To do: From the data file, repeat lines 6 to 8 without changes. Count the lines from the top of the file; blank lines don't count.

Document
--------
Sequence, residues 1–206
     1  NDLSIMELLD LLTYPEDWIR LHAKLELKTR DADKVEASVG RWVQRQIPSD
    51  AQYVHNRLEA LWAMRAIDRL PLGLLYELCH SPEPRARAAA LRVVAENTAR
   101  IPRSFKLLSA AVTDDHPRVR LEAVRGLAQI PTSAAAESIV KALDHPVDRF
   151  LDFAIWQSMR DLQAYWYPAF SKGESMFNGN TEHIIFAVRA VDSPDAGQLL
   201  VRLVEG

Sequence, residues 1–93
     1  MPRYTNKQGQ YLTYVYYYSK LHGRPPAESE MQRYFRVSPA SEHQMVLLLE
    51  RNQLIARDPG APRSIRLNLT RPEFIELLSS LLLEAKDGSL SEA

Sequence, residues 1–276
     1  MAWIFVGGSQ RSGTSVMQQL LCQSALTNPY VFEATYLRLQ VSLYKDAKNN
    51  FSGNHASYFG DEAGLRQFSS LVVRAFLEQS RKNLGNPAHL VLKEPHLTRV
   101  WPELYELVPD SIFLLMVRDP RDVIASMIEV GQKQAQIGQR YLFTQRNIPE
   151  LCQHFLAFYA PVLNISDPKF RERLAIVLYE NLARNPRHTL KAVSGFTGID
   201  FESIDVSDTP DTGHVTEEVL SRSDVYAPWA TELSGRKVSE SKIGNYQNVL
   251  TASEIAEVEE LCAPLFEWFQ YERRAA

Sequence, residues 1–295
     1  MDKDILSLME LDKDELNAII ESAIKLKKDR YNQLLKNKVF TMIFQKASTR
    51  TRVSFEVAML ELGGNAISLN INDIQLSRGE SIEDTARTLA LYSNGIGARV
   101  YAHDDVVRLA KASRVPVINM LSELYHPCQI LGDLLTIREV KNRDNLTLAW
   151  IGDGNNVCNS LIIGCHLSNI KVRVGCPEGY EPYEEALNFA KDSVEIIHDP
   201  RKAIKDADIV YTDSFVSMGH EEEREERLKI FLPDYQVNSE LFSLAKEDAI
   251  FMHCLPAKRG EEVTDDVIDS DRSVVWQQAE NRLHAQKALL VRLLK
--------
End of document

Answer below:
   201  VRLVEG

Sequence, residues 1–93
     1  MPRYTNKQGQ YLTYVYYYSK LHGRPPAESE MQRYFRVSPA SEHQMVLLLE